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Hoffmann, R. A wiki for the life sciences where authorship matters. Nature Genetics (2008)

The Glasgow Pain Questionnaire: a new generic measure of pain; development and testing.

BACKGROUND: The study set out to develop and test a measure of perceived pain suitable for use in community studies and in the evaluation of clinical care. METHOD: The work had three parts; (1) generation and selection of items, (2) weighting of the items and (3) testing for reliability and validity. Potential items were obtained from 230 informal interviews conducted in a variety of settings. These were reviewed to produce a draft questionnaire, and this was used in a pilot study of 60 volunteers to determine the final item selection. Item weights were calculated using ratings of severity as judged by subjects in the pilot study and the validity testing. Weights are used so that questions referring to more severe pains have higher scores than those about milder pains. Reliability and validity testing was carried out using three groups: 100 rheumatoid arthritis outpatients; 37 attenders at an occupational health clinic and 178 chronic pain clinic patients. Scores from the three different patient groups were compared, scores were compared with a visual analogue measure of pain, and scores from the same individuals from two consecutive months were compared. RESULTS: Development: The main product was the new measure itself, the Glasgow Pain Questionnaire (GPQ). This has a total of 24 items in five categories; pain frequency, intensity, emotional reaction, ability to cope and restrictions of daily activity. Testing: Validity; scores were significantly different in the three groups. The GPQ scores were significantly related to the visual analogue measure of pain. Reliability; scores of the same respondents on two consecutive months were significantly associated and had a modal value of zero. CONCLUSIONS: The project has produced a new measure of self-rated pain suitable for use in large-scale population surveys. This instrument assesses not only pain intensity but affective dimensions of pain. It is considered that the validity and reliability testing carried out to date show the measure as acceptable for use in future studies.[1]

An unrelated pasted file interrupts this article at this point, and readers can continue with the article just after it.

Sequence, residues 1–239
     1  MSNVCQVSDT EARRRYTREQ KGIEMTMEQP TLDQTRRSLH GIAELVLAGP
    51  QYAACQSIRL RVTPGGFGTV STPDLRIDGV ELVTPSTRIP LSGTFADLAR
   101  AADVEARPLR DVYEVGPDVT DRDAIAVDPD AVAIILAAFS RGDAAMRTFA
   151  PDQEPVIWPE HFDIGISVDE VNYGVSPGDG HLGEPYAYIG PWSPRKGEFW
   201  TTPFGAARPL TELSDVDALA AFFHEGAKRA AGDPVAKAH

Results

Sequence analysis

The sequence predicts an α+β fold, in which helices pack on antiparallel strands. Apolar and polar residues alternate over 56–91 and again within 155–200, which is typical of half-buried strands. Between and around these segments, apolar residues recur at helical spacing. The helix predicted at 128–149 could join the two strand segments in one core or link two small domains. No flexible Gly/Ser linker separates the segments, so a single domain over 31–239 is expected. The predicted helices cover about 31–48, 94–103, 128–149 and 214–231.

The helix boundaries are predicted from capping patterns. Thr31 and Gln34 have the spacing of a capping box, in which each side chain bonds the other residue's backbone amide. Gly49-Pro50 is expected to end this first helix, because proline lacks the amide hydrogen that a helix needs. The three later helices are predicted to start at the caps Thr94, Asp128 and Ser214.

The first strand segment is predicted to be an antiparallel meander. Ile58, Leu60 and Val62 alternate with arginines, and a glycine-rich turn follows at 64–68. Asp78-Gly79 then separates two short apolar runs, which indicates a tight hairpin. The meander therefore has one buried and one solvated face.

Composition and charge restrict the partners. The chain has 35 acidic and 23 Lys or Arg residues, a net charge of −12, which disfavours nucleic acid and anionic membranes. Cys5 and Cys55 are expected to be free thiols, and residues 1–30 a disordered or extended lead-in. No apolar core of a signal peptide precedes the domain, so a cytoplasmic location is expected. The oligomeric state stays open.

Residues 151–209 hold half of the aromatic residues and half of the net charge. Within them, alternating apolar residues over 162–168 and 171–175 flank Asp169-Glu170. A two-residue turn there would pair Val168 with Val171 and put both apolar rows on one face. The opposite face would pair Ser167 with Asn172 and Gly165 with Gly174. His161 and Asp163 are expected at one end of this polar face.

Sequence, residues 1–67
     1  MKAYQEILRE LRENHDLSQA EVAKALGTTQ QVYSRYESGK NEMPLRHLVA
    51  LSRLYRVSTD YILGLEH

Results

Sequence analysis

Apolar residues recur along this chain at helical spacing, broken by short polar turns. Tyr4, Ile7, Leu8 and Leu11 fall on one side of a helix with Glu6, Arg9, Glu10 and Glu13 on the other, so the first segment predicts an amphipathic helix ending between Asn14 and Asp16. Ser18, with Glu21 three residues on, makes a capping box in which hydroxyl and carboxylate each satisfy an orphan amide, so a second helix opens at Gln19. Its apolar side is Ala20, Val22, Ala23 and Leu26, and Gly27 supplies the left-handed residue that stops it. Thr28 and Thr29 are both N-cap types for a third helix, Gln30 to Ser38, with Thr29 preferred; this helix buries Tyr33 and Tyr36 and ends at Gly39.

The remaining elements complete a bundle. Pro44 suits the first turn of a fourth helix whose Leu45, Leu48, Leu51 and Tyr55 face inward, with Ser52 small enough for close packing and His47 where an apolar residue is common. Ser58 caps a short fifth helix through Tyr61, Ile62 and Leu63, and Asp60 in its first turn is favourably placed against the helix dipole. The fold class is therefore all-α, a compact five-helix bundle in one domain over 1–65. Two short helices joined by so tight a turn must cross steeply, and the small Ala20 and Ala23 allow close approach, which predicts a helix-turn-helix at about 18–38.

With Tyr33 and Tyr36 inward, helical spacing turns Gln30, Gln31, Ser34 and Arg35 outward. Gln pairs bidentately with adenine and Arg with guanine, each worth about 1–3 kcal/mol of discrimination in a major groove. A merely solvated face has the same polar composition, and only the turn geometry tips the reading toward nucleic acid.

1. The Glasgow Pain Questionnaire: a new generic measure of pain; development and testing. Thomas, R.J., McEwen, J., Asbury, A.J. International journal of epidemiology. (1996) [Pubmed]
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